Many properties trade at a discount off the asking price. Our statistics refer to this as the "listing discount". But what exactly does the discount relate to - the final asking price? The original asking price? Something else? And why is this important?
Understanding that properties typically trade at a discount is especially important in a rapidly shifting market, such as ours, when it can take months from a contract being signed until a sale closes. It is at closing that a sale price becomes public knowledge; until then, we only know the asking price and, with a bit of digging, the listing history, including time on the market. If we understand a typical listing discount, we can make presumptions about a sale price, and a home's value, based on the list price and time on the market.
Is there a guarantee that the contract price, or the recorded sales price for that matter, accurately reflects the value of a property being traded? Unfortunately, not. These prices fail to reflect whether any incentives were offered. Historically, incentives may have been furniture or artwork included with the sale. (Transfer tax on real estate is typically less than sales tax on personal property. Just sayin'.) Or a storage bin, parking space or other similar freebie. There may be an allowance toward required repairs or needed renovations. In the world of NYC cooperative apartments, prices may be artificially inflated to satisfy a Board's requirements. Boards have been known to reject sales at low prices deeming them a devaluation of the other units in the building. Today, as interest rates on mortgages have spiked, we're seeing sellers assist with the buyers’ closing costs or buying down their interest rates as effective incentives.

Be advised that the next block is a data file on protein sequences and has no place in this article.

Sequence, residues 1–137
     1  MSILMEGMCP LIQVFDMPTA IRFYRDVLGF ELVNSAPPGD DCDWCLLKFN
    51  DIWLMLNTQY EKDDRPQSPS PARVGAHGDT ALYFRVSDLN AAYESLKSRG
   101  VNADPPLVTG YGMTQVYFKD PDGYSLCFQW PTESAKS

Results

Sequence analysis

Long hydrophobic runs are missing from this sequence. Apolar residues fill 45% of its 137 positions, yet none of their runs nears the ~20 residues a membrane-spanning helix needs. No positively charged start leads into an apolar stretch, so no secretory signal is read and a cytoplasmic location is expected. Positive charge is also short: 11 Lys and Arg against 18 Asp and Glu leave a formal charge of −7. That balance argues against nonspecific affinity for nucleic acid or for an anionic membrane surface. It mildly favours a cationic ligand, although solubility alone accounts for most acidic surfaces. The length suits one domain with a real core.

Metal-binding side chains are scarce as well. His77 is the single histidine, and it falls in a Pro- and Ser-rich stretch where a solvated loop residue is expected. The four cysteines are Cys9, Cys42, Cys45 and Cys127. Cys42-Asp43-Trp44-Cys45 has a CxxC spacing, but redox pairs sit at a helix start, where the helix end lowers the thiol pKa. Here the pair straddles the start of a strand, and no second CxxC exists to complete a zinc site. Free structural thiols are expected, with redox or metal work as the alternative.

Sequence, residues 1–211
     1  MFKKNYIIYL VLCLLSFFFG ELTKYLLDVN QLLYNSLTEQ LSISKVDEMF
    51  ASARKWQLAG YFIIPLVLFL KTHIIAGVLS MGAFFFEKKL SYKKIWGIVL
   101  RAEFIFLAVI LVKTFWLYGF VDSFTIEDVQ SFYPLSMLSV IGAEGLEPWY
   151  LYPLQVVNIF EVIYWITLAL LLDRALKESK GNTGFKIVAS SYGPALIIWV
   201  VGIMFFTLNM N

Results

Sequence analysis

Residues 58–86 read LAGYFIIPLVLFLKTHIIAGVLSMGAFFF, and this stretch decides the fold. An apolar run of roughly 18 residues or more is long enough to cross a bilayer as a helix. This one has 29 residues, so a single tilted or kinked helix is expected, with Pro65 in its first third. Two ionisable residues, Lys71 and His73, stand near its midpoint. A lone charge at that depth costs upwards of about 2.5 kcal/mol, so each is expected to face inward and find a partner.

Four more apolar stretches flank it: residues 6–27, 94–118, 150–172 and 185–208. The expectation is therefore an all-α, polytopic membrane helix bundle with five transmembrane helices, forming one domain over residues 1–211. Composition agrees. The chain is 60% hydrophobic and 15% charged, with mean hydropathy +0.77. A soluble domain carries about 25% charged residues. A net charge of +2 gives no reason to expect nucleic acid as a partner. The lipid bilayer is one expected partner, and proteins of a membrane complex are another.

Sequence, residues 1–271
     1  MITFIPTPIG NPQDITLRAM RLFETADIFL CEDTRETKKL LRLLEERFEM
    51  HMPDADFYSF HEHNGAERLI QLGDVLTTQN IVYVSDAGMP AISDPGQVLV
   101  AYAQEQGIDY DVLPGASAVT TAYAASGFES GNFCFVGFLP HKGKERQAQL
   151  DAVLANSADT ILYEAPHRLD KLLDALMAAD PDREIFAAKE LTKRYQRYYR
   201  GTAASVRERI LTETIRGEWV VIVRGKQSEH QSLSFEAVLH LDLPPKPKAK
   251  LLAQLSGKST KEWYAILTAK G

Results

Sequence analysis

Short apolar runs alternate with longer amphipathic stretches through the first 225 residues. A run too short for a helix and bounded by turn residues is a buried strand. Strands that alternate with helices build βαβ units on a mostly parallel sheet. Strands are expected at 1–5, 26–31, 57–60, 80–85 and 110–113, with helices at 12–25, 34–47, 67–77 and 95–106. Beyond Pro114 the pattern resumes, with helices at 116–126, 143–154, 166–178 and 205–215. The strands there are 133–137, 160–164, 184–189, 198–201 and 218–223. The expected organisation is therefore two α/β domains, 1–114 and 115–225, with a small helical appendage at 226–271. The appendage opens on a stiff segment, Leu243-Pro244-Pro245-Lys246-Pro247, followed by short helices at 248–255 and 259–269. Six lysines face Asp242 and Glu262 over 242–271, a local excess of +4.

Rentals in NYC typically post the asking rent, but not the negotiated rent. They also are notorious for failing to disclose incentives such as free rent, payment of broker fees, the length of lease and the terms of any renewal leases. Comparing prices of rental properties is truly like comparing apples to oranges, and rental values might as well be determined in a vacuum.
Since an incentive affects the value of a property, it must be disclosed to a lender, an appraiser and a governmental taxing authority. However, they're often disclosed with an invisible asterisk. The contract price or sales price does not accurately reflect the incentive or the property's true fair market value.
Top real estate agents, with outstanding knowledge of their communities and with great professional peer relationships, can offer specific, curated inside information and knowledge about recent transactions, including whether there were incentives offered. Our insights into accurate property values are invaluable when it comes to effective pricing, marketing ideas and negotiating strategies. Knowledge and analysis by savvy agents are essential to a successful transaction.
Kindly share this blog with friends, relatives, colleagues and clients interested in accurate residential real estate pricing information. And please reach out with thoughts, questions and comments.